Articulation and Phonology, Auditory Processing Disorders, Expressive Language, Feeding Skills, Home Practice Ideas for Speech and Language, Pragmatic Language and Social Skills, Receptive Language, Speech and Language Development

5 Super-Cool Speech and Language Activities to Get You Through a Hot Summer!

Hot weather can make it difficult to find things to do to keep children both busy and cool during the summer months.  Here are 5 activities that can be used to both entertain and cool off your little ones as well as help them practice speech and language skills.  These activities are so much fun that your little one won’t even realize they are working on developing important skills while doing them!

1.  Home made ice pops:  Cooking activities are always a great way to work on speech and language skills.  They require children to follow directions in sequential order, and are a wonderful way to work on concepts such as wet/dry, empty/full, some/all/none, and hot/cold.  You can work on the verbs pour, mix, peel, and cut as well as vocabulary pertaining to the ingredients and tools being used (spoon, freezer, fruit/vegetables, shapes and sizes of the ingredients, the possibilities are endless).  These treats can also be used to sneak some extra nutrition into children who are picky eaters.  Fruit, yogurt, honey, peanut butter and even vegetables can be blended into the ice pop mix!  Check out these 10 Delicious Homemade Ice Pop recipes:

2.  Water play: Water play is a fun way for children to use everyday toys in a new way.  Water play activities can be set up in a variety of ways including:

  • Wash the baby activity- It’s bath time for your child’s favorite doll!  Work on concepts such as wet/dry, and clean/dirty, identifying and labeling body parts, following directions, requesting, pretend play skills and more.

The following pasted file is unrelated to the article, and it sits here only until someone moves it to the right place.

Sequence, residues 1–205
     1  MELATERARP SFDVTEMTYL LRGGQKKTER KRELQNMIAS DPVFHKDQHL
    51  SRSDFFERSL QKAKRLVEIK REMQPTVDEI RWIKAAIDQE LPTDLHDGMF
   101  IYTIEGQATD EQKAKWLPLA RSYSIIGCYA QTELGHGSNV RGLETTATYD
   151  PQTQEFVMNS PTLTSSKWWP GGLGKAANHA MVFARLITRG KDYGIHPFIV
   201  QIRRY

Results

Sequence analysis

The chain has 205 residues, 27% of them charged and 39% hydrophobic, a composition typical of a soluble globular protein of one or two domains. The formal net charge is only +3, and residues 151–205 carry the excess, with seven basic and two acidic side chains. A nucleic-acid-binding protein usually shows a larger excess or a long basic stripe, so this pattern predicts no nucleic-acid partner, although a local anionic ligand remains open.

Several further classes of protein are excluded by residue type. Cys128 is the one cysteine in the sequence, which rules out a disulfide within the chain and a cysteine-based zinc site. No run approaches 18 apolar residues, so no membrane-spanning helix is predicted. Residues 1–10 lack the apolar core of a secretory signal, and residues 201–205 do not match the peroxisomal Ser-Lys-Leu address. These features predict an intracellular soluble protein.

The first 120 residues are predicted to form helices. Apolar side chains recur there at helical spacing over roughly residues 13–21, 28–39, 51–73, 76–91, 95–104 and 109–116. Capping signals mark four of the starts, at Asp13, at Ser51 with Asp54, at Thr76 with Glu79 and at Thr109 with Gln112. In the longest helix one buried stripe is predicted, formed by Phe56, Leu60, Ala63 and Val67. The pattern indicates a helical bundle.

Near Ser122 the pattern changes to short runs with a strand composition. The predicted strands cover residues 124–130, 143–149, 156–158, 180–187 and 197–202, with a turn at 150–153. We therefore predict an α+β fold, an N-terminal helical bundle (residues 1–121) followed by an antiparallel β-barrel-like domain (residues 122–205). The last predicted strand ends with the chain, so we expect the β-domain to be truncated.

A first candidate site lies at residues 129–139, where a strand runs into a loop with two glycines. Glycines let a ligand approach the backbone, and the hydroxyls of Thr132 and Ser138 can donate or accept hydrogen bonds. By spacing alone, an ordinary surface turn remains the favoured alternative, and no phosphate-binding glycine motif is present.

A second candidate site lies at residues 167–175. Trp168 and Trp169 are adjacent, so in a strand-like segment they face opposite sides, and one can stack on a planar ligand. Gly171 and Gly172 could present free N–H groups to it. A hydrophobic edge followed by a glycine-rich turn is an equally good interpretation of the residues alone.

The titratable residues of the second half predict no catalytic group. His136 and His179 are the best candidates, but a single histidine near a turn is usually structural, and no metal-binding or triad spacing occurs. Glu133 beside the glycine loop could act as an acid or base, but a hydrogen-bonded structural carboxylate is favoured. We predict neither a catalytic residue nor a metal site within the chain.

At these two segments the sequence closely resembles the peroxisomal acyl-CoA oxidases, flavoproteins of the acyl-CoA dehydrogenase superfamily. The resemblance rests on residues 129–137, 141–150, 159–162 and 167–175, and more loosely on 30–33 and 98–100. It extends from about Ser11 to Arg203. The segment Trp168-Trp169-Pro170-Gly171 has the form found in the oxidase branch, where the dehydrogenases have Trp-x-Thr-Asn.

• Play with cups, rocks, animal and food toys and so on- The items you choose to are up to you and are limitless.  You can choose items in a particular theme to work on vocabulary concepts (i.e. animal toys), or items that will help your child work on concepts such as sink/float, empty/full, heavy/light, size concepts and so on!  Have your child follow directions with the items (i.e. put the elephant in the red cup, pour some water in the blue cup).  Have your child answer questions about the items (i.e. “What else can you use a cup for?”, “Where does an elephant live?”, “Does an apple fly?”).  Turn this into a turn taking activity by providing a fishing pole or net to “catch” the toys with.  Talk about each item!

3.  Car wash activity- Have the child wash toy cars (or maybe even the real car) and practice concepts such as wet/dry, clean/dirty and follow directions (i.e. wash the red car first, then the blue car).  You can also work on concepts such as top/bottom, front/back, sides and under.  Turn this activity into a turn taking activity with a peer by only providing 1 sponge.  Talk about vocabulary words related to the activity: sponge, doors, handle, tire, trunk, soap, hose, etc.